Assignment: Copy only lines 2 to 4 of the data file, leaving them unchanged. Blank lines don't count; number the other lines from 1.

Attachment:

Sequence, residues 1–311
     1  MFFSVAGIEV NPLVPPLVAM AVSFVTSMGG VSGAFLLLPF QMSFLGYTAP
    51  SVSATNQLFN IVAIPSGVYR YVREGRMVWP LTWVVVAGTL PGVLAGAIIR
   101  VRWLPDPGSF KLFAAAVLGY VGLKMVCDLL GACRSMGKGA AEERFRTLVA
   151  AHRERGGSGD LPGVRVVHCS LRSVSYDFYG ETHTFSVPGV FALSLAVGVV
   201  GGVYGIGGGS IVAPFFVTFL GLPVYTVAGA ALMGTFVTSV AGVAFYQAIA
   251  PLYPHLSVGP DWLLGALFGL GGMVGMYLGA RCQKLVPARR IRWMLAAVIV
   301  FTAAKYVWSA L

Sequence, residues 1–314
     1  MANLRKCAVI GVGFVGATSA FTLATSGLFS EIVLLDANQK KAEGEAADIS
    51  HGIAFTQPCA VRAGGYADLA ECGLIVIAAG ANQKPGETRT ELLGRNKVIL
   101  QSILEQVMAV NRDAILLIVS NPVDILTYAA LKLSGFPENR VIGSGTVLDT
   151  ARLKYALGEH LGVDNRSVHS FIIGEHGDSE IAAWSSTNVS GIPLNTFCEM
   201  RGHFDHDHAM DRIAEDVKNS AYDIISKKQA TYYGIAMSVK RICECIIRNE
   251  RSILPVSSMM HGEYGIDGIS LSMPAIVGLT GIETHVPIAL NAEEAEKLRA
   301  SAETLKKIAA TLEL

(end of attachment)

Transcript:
     1  MFFSVAGIEV NPLVPPLVAM AVSFVTSMGG VSGAFLLLPF QMSFLGYTAP
    51  SVSATNQLFN IVAIPSGVYR YVREGRMVWP LTWVVVAGTL PGVLAGAIIR
   101  VRWLPDPGSF KLFAAAVLGY VGLKMVCDLL GACRSMGKGA AEERFRTLVA